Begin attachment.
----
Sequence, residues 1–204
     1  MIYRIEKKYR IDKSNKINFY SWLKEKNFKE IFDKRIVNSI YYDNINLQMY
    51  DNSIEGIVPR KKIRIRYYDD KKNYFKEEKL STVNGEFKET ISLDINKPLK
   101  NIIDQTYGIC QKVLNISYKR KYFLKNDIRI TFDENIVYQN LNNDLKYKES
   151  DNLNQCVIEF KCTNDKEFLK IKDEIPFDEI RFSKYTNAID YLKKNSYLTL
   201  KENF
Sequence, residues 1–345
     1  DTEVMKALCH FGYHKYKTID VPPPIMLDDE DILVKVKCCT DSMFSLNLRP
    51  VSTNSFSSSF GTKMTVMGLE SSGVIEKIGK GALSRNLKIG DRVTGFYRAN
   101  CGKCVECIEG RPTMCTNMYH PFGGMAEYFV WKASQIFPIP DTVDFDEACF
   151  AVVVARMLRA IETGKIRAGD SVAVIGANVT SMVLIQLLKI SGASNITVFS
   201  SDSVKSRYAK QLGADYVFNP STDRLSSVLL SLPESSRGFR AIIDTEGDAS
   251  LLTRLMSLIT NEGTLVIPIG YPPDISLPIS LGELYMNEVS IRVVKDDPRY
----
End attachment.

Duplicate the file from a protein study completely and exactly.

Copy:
Sequence, residues 1–204
     1  MIYRIEKKYR IDKSNKINFY SWLKEKNFKE IFDKRIVNSI YYDNINLQMY
    51  DNSIEGIVPR KKIRIRYYDD KKNYFKEEKL STVNGEFKET ISLDINKPLK
   101  NIIDQTYGIC QKVLNISYKR KYFLKNDIRI TFDENIVYQN LNNDLKYKES
   151  DNLNQCVIEF KCTNDKEFLK IKDEIPFDEI RFSKYTNAID YLKKNSYLTL
   201  KENF
Sequence, residues 1–345
     1  DTEVMKALCH FGYHKYKTID VPPPIMLDDE DILVKVKCCT DSMFSLNLRP
    51  VSTNSFSSSF GTKMTVMGLE SSGVIEKIGK GALSRNLKIG DRVTGFYRAN
   101  CGKCVECIEG RPTMCTNMYH PFGGMAEYFV WKASQIFPIP DTVDFDEACF
   151  AVVVARMLRA IETGKIRAGD SVAVIGANVT SMVLIQLLKI SGASNITVFS
   201  SDSVKSRYAK QLGADYVFNP STDRLSSVLL SLPESSRGFR AIIDTEGDAS
   251  LLTRLMSLIT NEGTLVIPIG YPPDISLPIS LGELYMNEVS IRVVKDDPRY